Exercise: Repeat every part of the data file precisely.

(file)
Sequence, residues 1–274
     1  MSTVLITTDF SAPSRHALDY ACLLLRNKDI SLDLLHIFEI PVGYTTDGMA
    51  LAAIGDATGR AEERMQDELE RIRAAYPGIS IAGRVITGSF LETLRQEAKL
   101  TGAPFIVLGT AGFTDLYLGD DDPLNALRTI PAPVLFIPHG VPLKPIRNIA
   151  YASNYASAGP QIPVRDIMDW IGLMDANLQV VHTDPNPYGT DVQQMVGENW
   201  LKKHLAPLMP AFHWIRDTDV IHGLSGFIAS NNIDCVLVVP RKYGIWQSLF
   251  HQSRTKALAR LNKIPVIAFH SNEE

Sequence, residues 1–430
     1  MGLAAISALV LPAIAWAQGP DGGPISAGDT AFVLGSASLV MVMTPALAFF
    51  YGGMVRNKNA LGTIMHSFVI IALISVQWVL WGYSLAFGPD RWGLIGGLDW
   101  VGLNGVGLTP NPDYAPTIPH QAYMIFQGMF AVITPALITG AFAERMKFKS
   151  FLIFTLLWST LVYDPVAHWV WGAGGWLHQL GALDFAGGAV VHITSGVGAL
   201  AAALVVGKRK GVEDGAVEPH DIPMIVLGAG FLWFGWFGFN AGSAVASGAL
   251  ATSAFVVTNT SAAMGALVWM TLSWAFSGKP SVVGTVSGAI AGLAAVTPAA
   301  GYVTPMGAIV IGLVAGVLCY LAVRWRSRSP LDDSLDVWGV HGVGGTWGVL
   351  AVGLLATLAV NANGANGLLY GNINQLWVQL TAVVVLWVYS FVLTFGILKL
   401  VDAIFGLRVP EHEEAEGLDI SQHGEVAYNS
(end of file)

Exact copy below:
Sequence, residues 1–274
     1  MSTVLITTDF SAPSRHALDY ACLLLRNKDI SLDLLHIFEI PVGYTTDGMA
    51  LAAIGDATGR AEERMQDELE RIRAAYPGIS IAGRVITGSF LETLRQEAKL
   101  TGAPFIVLGT AGFTDLYLGD DDPLNALRTI PAPVLFIPHG VPLKPIRNIA
   151  YASNYASAGP QIPVRDIMDW IGLMDANLQV VHTDPNPYGT DVQQMVGENW
   201  LKKHLAPLMP AFHWIRDTDV IHGLSGFIAS NNIDCVLVVP RKYGIWQSLF
   251  HQSRTKALAR LNKIPVIAFH SNEE

Sequence, residues 1–430
     1  MGLAAISALV LPAIAWAQGP DGGPISAGDT AFVLGSASLV MVMTPALAFF
    51  YGGMVRNKNA LGTIMHSFVI IALISVQWVL WGYSLAFGPD RWGLIGGLDW
   101  VGLNGVGLTP NPDYAPTIPH QAYMIFQGMF AVITPALITG AFAERMKFKS
   151  FLIFTLLWST LVYDPVAHWV WGAGGWLHQL GALDFAGGAV VHITSGVGAL
   201  AAALVVGKRK GVEDGAVEPH DIPMIVLGAG FLWFGWFGFN AGSAVASGAL
   251  ATSAFVVTNT SAAMGALVWM TLSWAFSGKP SVVGTVSGAI AGLAAVTPAA
   301  GYVTPMGAIV IGLVAGVLCY LAVRWRSRSP LDDSLDVWGV HGVGGTWGVL
   351  AVGLLATLAV NANGANGLLY GNINQLWVQL TAVVVLWVYS FVLTFGILKL
   401  VDAIFGLRVP EHEEAEGLDI SQHGEVAYNS